Google passes on government funding for military robot competition

Google refuses military funding for its entry into DARPA competition, says it will completely fund the bipedal Schaft robot itself and compete in finals.

Published Mar 24, 2014 6:54 PM CDT   |   Updated Tue, Nov 3 2020 12:17 PM CST
0 minutes & 50 seconds read time

It's no secret that Google has been swooping in and buying robotic companies left and right, and one of those acquisitions is making headlines today. Schaft Robotics, a company Google bought last year has made it to the finals of a DARPA sponsored robotics competition, and today Google announced that it would not accept funding for the competition that the US government had previously offered.

Google passes on government funding for military robot competition | TweakTown.com

In a statement released by the DARPA last Friday, the government says that Google has switched to Track D of the program which means it will be fully funding the program from its own bank account, and no government funding will be accepted. The DARPA Robotics Challenge or DRC is a competition that challenges companies to create a robot that can handle disaster zone task such as navigating heavy debris, opening a door, climbing a ladder, and even turning off gas and water valves.

Google's Schaft Robot will be competing in the finals which are scheduled to be held some time between December 2014 and June of 2015. Google's other robotics company, Boston Dynamics, will also be competing in the event with its bipedal robot, Petman. This is one competition I would love to watch live, and I hope to get that chance during the next round!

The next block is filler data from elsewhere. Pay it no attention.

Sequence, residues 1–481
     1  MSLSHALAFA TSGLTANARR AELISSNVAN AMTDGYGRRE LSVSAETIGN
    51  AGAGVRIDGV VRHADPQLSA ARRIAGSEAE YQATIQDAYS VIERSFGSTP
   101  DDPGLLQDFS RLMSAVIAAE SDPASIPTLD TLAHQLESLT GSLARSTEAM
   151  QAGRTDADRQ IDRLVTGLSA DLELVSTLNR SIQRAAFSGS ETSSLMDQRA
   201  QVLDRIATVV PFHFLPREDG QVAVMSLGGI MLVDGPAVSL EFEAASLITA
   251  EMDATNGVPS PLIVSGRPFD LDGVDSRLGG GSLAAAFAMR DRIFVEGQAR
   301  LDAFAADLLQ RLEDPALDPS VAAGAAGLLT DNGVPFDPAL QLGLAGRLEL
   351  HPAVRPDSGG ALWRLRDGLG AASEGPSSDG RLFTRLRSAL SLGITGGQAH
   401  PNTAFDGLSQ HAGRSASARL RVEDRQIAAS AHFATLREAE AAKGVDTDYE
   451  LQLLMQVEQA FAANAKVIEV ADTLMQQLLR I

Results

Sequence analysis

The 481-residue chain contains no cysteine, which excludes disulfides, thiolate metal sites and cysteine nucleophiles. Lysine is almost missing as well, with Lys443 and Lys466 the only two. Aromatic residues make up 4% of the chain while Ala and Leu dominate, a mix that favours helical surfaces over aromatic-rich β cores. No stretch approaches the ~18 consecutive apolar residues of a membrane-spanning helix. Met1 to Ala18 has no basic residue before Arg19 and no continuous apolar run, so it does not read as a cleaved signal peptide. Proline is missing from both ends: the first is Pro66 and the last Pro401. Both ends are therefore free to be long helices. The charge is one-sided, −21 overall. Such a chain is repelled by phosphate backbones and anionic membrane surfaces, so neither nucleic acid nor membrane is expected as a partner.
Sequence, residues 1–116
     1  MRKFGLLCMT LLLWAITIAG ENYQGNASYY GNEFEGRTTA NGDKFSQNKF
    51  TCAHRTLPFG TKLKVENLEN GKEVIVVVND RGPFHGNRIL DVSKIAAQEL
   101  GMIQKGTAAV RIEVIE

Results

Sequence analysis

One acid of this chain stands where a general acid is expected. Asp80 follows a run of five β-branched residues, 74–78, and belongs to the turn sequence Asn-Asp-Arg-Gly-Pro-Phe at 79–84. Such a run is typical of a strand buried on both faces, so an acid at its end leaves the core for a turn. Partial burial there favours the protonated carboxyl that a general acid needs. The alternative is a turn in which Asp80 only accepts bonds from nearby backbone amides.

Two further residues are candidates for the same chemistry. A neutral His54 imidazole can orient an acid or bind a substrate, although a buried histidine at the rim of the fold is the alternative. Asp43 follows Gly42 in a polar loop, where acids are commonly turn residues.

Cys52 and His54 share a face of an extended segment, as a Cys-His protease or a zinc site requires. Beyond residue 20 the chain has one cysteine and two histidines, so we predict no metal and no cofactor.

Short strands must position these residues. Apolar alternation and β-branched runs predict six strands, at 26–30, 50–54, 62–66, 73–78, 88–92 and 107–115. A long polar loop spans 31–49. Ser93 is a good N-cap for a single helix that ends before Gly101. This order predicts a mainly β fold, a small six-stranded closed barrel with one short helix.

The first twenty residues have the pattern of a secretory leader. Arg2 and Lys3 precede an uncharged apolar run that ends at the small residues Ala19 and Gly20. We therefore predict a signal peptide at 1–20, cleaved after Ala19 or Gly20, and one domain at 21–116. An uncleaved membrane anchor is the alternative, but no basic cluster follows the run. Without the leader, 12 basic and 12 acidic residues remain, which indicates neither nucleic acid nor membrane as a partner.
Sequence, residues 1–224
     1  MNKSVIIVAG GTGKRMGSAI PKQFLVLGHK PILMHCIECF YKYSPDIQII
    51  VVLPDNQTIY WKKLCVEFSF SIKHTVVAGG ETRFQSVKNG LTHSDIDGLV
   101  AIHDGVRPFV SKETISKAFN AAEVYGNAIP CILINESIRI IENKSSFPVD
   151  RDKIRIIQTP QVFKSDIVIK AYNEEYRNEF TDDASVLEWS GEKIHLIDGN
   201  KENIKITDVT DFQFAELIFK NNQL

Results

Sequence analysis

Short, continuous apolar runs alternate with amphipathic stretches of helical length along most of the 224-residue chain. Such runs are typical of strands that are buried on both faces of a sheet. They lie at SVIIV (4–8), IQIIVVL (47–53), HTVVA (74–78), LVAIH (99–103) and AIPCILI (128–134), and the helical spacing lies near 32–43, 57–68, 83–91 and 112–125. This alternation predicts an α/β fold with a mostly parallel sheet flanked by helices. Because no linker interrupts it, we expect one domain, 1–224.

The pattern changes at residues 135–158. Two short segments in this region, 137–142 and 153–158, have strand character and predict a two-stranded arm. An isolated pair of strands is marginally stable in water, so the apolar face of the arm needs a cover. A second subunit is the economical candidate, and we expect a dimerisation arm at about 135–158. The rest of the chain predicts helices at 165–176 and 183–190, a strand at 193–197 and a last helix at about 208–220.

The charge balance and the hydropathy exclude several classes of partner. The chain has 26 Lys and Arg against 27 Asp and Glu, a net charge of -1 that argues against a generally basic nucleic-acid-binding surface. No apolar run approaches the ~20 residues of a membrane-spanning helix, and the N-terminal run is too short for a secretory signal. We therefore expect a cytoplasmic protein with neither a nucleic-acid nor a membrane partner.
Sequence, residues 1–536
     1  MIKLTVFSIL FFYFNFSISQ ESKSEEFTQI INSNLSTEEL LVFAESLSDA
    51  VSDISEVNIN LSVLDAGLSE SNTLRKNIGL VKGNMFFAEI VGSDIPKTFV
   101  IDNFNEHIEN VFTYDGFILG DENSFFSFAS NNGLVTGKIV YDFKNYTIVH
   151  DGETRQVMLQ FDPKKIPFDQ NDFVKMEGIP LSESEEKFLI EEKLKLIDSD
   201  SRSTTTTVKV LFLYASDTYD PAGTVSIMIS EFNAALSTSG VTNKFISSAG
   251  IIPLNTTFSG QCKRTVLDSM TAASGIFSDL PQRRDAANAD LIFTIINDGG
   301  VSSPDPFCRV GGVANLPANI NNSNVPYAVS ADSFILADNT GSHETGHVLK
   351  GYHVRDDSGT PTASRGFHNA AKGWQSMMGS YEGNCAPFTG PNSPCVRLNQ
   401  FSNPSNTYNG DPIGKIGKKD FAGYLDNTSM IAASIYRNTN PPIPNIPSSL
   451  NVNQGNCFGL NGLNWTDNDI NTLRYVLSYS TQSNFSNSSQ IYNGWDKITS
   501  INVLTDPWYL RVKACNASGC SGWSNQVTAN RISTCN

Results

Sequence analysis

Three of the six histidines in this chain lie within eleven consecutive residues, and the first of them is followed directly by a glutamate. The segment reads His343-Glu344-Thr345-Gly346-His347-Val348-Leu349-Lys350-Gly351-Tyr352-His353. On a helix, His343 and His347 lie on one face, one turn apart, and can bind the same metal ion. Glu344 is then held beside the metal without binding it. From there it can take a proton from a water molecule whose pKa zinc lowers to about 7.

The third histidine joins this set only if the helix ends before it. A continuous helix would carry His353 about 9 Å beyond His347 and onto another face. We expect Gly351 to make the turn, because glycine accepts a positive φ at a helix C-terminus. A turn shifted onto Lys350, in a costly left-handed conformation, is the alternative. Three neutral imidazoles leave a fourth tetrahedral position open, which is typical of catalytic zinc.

NEWS SOURCE:cnet.com

A web developer by day, Charles comes to TweakTown after a short break from the Tech Journalism world. Formerly the Editor in Chief at TheBestCaseScenario, he now writes Maker and DIY content. Charles is a self proclaimed Maker of Things and is a major supporter of the Maker movement. In his free time, Charles likes to build just about anything, with past projects ranging from custom PC cooling control systems to 3D printers. Other expensive addictions include Photography, Astronomy and Home Automation.

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